April 29, 2007
When I'm in London, I tend to be more social then when I'm in New York. I'll venture out on my own to a dinner party on the other side of town with a bunch of people I barely know. A few months ago I even went to meet friends at a restaurant at 10pm. Crazy! Nobody in London can say I'm not audacious.
But in New York it's another story. The most social part of my day will often be lingering in the lobby, catching up with the doormen. If I leave the premises and talk to another human being for more than five minutes, I consider it an achievement.
There are a variety of reasons I don't enjoy going out in New York, but in an effort to expand my social circle beyond the realm of my apartment building, I decided to accept any invitations I got. Very quickly I realised that wasn't a good plan. I don't get invitations. So I alerted my friends that I was available for parties or events. A little bit like a clown for hire. Only they wouldn't have to pay me. And I wouldn't entertain them.
The first invite to come in was from my friend Joanna. There was a festival of Scottish writing - part of Tartan Week - and I went with her to a poetry reading. There were three poets, none of them wore kilts and the first woman sounded English. As she began reading her poem about wilting marigolds, I let my mind wander. It was meditative, and for the first time in ages I felt hopeful I could conquer my insomnia. Two Scottish poets followed, and I found myself appreciating the stillness of the setting - no mobile phones, no talking, no movement. Then again, sitting silently isn't exactly the social situation I was looking for.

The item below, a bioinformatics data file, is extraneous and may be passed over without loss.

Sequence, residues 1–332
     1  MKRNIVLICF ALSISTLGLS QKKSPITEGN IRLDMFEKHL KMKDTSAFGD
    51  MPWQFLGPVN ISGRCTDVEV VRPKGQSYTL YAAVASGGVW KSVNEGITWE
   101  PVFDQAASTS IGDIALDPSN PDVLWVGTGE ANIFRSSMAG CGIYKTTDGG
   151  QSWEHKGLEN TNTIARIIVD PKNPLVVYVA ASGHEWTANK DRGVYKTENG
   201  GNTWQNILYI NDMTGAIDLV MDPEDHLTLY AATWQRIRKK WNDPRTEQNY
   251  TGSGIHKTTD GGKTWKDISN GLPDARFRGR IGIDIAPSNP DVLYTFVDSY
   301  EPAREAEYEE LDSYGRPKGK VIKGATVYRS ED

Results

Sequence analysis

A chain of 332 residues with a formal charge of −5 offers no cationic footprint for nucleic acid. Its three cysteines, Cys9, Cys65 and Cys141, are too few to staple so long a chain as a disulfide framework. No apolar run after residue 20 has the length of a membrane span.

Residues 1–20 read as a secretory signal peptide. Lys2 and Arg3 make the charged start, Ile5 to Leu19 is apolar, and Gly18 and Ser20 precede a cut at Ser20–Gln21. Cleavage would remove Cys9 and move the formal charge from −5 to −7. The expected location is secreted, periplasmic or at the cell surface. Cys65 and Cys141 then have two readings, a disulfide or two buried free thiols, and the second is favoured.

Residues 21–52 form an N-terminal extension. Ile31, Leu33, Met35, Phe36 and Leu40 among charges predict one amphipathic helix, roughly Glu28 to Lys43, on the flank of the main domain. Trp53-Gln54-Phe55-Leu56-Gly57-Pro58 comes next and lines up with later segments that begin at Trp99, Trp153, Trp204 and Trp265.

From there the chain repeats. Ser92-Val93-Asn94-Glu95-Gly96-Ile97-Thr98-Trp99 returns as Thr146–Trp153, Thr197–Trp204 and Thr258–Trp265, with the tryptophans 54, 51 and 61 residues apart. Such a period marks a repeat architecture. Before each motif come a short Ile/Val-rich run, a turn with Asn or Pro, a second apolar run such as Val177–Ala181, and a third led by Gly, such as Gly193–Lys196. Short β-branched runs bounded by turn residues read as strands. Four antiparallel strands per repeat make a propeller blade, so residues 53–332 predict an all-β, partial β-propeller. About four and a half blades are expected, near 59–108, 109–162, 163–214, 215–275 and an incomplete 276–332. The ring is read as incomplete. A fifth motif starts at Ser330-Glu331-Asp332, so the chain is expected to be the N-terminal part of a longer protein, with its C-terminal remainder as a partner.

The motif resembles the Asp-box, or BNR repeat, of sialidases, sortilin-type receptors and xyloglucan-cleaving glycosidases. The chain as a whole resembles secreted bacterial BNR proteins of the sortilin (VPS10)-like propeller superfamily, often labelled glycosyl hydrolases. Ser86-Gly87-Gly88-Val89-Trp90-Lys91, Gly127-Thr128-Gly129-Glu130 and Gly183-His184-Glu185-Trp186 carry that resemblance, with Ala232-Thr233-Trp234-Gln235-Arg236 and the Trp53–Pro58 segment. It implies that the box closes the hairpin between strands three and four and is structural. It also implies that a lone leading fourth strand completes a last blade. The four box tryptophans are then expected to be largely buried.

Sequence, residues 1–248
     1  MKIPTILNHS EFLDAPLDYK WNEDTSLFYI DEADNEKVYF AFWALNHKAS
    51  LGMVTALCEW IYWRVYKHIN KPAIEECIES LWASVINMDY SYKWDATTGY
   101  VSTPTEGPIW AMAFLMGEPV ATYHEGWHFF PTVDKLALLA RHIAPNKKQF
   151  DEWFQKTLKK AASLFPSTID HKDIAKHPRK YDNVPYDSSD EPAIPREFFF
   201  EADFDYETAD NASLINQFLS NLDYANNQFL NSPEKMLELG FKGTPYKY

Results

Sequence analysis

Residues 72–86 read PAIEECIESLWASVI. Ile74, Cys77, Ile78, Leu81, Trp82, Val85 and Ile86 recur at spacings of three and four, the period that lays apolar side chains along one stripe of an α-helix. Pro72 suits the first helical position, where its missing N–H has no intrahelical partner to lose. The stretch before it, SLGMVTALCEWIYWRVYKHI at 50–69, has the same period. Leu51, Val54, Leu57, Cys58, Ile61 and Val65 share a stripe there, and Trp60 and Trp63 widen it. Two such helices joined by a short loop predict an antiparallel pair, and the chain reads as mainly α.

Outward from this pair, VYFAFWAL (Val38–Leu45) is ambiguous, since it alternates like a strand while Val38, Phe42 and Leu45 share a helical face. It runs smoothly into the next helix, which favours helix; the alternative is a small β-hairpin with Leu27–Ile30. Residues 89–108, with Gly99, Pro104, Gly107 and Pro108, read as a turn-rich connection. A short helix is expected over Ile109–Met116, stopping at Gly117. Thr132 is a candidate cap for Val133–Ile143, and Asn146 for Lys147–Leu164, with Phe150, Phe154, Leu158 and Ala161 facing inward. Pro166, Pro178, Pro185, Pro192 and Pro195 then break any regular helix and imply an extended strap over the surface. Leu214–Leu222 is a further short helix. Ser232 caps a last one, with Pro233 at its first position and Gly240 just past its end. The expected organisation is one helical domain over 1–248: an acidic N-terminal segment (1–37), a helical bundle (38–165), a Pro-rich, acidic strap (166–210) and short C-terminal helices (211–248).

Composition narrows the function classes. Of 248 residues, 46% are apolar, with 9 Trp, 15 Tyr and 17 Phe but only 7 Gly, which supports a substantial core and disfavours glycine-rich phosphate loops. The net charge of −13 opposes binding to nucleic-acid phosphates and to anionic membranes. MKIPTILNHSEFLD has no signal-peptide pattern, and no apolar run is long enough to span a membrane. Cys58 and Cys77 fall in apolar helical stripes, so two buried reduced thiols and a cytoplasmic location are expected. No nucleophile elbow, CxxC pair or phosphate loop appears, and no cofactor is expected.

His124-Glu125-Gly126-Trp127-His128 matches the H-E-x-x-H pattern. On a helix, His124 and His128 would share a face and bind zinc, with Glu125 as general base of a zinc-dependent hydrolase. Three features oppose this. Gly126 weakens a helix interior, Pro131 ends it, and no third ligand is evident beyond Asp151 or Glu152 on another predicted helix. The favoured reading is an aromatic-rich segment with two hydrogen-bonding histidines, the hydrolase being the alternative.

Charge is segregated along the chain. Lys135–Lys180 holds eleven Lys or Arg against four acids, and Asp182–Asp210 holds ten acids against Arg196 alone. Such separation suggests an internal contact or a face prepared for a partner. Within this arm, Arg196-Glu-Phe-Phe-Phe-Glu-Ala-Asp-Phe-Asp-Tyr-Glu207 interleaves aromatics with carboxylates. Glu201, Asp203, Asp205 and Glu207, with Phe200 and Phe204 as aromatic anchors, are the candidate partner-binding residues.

The second invite came from Liza. She was going to a party that her single Jewish friend was throwing and I tried to be open-minded. That lasted about five minutes. There were so many people there we couldn't even squeeze through the door. My first thought was: the Upper West Side must be totally empty right now.
Not being able to move was a relief because it allowed me to stay closer to the exit. When a man approached and asked if I wanted something to drink, I said: "No, thanks." When he asked why, I told him that I don't drink. "You don't drink?" He looked stunned. "That's right," I said. "I'm no fun." That's a conversation-stopper.
I looked around. There was nobody I wanted to talk to, and when Liza approached I told her I was going home. She said she understood but she was going to "stick it out" for a bit longer. She's got a high pain threshold.
As we were chatting about this, a few men on their way out paused to look us up and down. This happened a couple of times before it hit me: we were the tipping point. Maybe they wanted to go home but they weren't sure. One look at us, and they knew deciding to leave was the right move.
My third invite was to a party for a literary magazine. Once
again it was from Joanna. Because not only do I not have a lot of
invitations, I don't have a lot of friends either.
But at this party, I met someone I enjoyed talking to. The conversation wasn't dull and he was charming and funny. Of course, he was British. And he lives in London.